The C3 team has been looking closely at how media spread in our current digital landscape, so it's only fitting to examine mechanisms that prohibit media from spreading, namely digital rights management (DRM). Tech blogs have been buzzing in the past month about the announcement of the Digital Entertainment Content Ecosystem (DECE), an organization of content, hardware, and software providers who have promised to unveil a universal digital rights management system at the Consumer Electronics Show in January. Reuters reports that the DECE consortium is comprised of NBC Universal, Fox, Warner Brothers, Sony, Paramount Pictures, Microsoft, Philips, Toshiba, Cisco, Best Buy, Comcast and Verisign. Apple and Disney are notably missing, but that's most likely because DECE wants a piece of iTunes' mammoth market share.
This "ecosystem" would allow people to watch video from any DECE producer on any DECE device. For example, consumers will ostensibly be able to transfer NBC Universal TV shows from a Comcast Toshiba DVR to a Microsoft Zune. The proposed model would also allow users to keep purchases in a cloud-based "digital rights locker" and make unlimited disc copies of any media they buy. DECE seems to make sharing and inter-operability easier than with Apple's iTunes, which allows DRM-protected media to be used on only five unique devices.
But the kinds of sharing DECE allows are not exactly productive for creating spreadable media. In the end, DECE still relies on DRM and consequently (probably) still prohibits some valuable opportunities for consumer engagement. Though no announcements have been made, it stands to reason that this DRM will function like any other DRM: it will bar user-generated appropriations of content and it will prohibit sharing protected content in social networks. Of course, DRM can usually be broken, but that kind of piracy is exactly what DECE is trying to prevent.
Further, consumers are growing increasingly wary of the sustainability of DRM models--and for good reason. As of October 9th, Wal-Mart's online music store went completely DRM-free. Consumers who purchased DRM content from the retail giant (and did not back it up) will only be able to access that content from the originally authorized computer. They won't be able to transfer it to other devices, load it onto a new computer, or re-access it in the event of a system crash. As Cory Doctorow pointed out on Boing Boing "Boy, the entertainment industry sure makes a good case for ripping them off, huh? Buy your media and risk having it confiscated by a DRM-server shutdown. Take it for free and keep it forever." Echoing Doctorow's opinion, this anti-DRM xkcd web comic has been spreading through my social networks over the past few weeks. This comic makes a valid point: DRM isn't keeping up with the rapid pace of technological change, so downloading unprotected content (pirated or otherwise) is the only way to ensure that media you acquire will remain yours.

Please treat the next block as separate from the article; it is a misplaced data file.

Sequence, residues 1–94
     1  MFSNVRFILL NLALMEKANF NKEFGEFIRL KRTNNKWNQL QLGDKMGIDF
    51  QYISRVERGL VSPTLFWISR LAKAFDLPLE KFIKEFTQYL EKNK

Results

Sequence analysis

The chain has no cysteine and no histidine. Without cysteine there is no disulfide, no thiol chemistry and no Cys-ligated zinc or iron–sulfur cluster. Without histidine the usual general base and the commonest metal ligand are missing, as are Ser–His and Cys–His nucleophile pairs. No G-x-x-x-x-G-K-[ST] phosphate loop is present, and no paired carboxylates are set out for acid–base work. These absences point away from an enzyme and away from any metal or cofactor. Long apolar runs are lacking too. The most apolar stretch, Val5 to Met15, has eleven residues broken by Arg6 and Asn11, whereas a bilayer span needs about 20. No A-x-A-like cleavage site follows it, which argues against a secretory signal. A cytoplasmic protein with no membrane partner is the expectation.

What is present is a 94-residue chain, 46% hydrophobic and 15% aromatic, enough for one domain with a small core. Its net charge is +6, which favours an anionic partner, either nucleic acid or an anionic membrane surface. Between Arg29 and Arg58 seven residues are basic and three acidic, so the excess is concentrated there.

With these negative sentiments surrounding DRM, will DECE succeed in convincing consumers to buy in to its system? Those behind DECE certainly seem to think so. Retuters quotes Sony CTO Michael Singer on the virtues of DECE's plan: "When we start to bundle these digital rights together, we believe we can actually develop and deliver a product to the consumer that's better than free." Singer's comment exemplifies a recurring problem with the rationale behind DRM. Sure, consumers may be willing to spend money on media that plays well across all their hardware, but proponents of DECE fail to recognize that DRM-free content can be invaluable to producers looking to engage audiences.